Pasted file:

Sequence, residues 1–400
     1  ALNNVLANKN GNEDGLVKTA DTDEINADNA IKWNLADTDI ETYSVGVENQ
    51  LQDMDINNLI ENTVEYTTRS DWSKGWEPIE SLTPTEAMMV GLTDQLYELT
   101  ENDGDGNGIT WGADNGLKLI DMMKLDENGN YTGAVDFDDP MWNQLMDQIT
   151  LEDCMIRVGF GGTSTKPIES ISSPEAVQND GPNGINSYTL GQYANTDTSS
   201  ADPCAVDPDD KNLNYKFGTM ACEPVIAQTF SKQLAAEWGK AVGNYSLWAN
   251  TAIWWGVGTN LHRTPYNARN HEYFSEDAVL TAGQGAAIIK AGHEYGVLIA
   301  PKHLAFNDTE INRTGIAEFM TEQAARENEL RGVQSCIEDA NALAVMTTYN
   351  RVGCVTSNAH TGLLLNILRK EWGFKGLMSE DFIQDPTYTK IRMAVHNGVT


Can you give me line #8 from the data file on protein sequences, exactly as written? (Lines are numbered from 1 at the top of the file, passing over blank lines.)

   301  PKHLAFNDTE INRTGIAEFM TEQAARENEL RGVQSCIEDA NALAVMTTYN